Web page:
“I’ve never seen a chicken cross the road before.”
Sitting at an outdoor margarita bar and lulled by tequila and palm fronds floating in a warm tropical breeze, I wasn’t expecting one of the great mysteries of the universe to be solved before my eyes, much less be given the opportunity to capture it on film, or in megapixels, or however you express it these days.
As I looked up, a rooster escorted his missus across a busy (or what passes for busy in Key West) intersection while traffic screeched to a halt in all four directions. The perfect picture opportunity passed so quickly I didn’t even have time to reach for the camera case.
“So he did want to get to the other side.” And I’d only had one drink. Or was it two?
Thus was our Florida Keys experience typified in one small incident. The tornado watch and hearing tales of alligator-swallowing pythons on our way south weren’t the half of it. Driving off the southern tip of mainland Florida onto Key Largo begins a journey into never never land.
Abundant wildlife appears to pose for elegant and humorous photographs alike. Photos of laughing gators, a pelican at the helm of a speedboat,
a flying spider (his fine web disguised by the bright blue sky), a snowy egret waiting patiently for a haircut as he poses on a barber’s chair,a great egret waiting patiently for lunch standing on a railing outside his favorite restaurant. Click to enlarge pics. He’s in all three:
Can you see him?
There he is!
“And he’s real picky,” I heard the waitress say. “He likes shrimp. He won’t eat clams or anything fried.”
We watched a pelican swallow a whole crab but it wouldn’t go down his gullet. He ucked it up a couple of times and attempted to re-swallow it, but without success. The outline of the hapless crab shows clearly in the photograph in a bulge in his neck.
What’s this thing in my neck?
Get it out!
A cormorant, balanced on a stake with his wings held out to dry, dropped his head at the last moment as I snapped, looking shy as though I’d caught him just stepping out of the shower.
Great egrets stalking their dinner are bathed in evening sunlight, turning their feathers flamingo pink.White ibises flocked in a dead tree at sunset formed a brown and gold sculpture.The bald eagle, perched in a distant cell phone tower next to its nest, waited for me to go back to the trailer and read my camera instruction book so I could return and zoom in on it digitally.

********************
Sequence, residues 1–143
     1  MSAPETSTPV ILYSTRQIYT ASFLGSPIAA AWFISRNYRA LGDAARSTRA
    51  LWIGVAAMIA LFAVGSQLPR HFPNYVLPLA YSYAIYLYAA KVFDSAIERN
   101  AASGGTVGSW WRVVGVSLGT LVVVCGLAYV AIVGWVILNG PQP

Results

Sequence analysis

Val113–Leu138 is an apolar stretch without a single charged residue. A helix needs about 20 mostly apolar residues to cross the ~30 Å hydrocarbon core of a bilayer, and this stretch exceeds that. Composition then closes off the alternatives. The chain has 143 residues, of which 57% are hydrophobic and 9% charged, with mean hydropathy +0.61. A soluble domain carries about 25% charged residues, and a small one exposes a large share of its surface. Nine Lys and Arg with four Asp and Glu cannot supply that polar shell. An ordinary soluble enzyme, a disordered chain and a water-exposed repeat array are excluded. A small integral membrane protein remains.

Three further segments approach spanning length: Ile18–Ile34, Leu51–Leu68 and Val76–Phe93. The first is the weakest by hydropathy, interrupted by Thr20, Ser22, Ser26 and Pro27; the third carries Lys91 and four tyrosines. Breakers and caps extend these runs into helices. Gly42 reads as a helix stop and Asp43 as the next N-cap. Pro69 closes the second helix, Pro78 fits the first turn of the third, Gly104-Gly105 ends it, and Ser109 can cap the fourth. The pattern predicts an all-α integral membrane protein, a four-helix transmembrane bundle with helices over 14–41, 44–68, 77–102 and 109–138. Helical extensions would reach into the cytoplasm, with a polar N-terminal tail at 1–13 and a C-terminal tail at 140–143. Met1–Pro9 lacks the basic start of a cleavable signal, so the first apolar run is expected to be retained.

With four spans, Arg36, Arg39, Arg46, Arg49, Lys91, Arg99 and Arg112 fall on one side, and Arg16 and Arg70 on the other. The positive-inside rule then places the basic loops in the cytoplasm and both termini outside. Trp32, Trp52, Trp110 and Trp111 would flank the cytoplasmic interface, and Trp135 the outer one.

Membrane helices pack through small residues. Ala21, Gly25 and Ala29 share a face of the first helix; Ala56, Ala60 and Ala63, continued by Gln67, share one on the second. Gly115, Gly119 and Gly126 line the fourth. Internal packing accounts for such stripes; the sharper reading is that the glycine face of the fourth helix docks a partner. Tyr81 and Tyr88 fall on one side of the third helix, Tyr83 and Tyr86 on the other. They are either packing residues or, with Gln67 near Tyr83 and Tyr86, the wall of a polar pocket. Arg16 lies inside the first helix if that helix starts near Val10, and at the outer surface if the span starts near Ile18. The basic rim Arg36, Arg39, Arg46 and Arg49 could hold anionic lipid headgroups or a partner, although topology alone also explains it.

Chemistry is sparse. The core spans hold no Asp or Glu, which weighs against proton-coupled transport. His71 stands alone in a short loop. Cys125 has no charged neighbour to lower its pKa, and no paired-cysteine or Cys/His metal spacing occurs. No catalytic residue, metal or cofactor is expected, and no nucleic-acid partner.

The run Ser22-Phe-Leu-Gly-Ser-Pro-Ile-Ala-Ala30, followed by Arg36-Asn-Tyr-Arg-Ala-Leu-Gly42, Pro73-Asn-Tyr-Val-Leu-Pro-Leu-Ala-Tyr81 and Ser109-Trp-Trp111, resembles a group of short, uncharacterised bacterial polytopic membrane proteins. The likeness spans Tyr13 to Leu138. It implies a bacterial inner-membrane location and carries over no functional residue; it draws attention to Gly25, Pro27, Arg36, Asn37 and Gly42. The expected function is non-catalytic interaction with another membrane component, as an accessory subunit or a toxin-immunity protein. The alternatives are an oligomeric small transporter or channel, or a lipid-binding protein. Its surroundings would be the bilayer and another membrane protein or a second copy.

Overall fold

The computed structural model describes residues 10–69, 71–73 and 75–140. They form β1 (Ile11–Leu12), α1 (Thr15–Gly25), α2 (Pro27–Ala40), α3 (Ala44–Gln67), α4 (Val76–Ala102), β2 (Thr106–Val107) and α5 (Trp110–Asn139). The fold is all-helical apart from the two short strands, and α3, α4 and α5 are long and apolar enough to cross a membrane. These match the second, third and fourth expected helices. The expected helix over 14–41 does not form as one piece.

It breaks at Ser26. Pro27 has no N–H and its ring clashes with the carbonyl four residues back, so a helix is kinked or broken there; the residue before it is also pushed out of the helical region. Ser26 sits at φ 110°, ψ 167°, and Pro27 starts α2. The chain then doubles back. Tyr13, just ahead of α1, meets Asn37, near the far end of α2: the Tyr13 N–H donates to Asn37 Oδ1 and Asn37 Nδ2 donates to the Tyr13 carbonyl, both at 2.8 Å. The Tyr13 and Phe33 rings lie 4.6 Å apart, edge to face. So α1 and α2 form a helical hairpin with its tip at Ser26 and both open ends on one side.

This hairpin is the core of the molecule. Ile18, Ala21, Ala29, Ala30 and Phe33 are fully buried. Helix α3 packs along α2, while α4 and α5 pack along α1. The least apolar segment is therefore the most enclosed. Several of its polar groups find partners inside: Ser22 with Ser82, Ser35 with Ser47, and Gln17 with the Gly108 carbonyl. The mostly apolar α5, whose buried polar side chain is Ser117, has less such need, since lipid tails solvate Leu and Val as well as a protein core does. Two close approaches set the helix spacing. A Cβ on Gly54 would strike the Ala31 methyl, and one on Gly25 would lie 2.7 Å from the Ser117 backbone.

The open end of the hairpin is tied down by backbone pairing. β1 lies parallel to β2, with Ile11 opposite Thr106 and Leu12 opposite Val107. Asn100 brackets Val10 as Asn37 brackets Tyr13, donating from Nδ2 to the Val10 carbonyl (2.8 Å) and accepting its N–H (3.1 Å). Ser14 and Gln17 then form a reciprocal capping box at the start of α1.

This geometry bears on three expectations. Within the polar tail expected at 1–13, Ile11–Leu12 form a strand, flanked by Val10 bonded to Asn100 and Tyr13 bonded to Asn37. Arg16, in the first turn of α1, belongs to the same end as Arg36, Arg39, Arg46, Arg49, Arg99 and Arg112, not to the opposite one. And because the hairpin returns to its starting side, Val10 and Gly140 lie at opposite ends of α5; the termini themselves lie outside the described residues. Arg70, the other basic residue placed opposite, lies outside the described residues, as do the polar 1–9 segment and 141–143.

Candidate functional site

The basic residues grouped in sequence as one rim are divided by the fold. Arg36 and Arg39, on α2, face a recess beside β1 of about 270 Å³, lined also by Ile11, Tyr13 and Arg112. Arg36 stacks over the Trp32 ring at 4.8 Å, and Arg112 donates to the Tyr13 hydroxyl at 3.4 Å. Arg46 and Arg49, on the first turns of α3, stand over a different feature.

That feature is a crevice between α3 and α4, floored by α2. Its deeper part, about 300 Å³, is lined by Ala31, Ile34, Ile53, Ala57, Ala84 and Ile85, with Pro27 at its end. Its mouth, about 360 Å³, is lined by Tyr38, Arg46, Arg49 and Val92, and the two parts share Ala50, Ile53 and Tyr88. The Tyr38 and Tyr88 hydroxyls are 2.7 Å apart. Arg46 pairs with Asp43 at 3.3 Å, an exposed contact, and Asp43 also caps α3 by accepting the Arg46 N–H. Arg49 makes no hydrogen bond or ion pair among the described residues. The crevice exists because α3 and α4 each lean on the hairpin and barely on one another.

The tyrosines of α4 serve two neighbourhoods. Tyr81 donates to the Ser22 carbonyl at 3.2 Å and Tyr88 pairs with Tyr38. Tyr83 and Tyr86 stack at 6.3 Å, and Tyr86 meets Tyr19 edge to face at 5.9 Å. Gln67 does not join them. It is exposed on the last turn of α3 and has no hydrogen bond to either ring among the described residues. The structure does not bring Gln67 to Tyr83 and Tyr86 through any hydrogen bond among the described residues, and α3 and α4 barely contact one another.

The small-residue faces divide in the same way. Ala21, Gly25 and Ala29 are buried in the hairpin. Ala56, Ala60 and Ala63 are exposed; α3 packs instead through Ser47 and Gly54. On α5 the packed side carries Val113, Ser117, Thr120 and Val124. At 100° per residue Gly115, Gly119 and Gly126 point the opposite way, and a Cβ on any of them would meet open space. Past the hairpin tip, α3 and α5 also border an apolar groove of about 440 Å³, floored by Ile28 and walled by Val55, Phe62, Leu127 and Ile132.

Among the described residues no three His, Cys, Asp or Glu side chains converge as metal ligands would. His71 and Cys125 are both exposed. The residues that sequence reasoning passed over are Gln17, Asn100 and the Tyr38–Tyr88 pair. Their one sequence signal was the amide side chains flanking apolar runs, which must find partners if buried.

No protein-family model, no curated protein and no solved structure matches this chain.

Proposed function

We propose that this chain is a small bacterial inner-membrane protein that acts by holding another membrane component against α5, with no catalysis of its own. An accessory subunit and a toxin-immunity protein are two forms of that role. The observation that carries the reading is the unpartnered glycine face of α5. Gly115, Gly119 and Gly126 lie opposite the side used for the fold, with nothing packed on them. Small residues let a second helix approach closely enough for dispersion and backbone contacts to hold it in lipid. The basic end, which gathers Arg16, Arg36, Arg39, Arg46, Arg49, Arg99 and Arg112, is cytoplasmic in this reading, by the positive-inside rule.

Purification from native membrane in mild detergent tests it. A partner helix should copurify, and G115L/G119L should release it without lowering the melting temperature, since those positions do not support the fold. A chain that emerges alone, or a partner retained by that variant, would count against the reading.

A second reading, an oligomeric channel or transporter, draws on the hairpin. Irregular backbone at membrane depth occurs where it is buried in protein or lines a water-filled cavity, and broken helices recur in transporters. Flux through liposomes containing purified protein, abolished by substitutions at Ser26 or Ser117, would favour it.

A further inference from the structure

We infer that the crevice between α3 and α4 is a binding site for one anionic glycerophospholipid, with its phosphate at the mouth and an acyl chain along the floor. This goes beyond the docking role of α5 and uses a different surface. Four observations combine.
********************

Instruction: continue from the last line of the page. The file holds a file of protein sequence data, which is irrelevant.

Full optical zoom
Full digital zoom
Even sea life was considerate enough to swim into shallow water to be photographed clearly from above – blue fin crabs in attack posture,
and brightly colored fish – as the photographer is too squeamish to swim amongst them.
Not wishing to sound too much of a sissy, Portuguese man o’ war jellyfish – beautiful cobalt blue bubbles of sting – were prevalent as I tiptoed through the shallow water with my camera in hand.
Come back soon! There’s more!
N.B. If you recognize that restaurant please allow me some artistic license. It’s on the Gulf coast, not in the Keys.
As we sit foolishly on our deck chairs waiting for a tornado to sweep us away, we fear our Japanese neighbor with the tent hasn’t understood what the park ranger told him until he starts to unwind a hank of heavy twine to reinforce his tie downs. His tent is held in place by feeble looking orange string looped around the shin high perimeter fence. He needs to tie down his big dog and himself. Will the tent hold up to the ferocity of a tornado? I think not, but I doubt our trailer will either.
It’s thundering now. The sun has gone. The patch of blue sky has drifted past and closed up. In its place are gouges of black. A sooty grey has replaced the fluffy white band of cloud. Thunder rumbles on and on like a case of bad indigestion.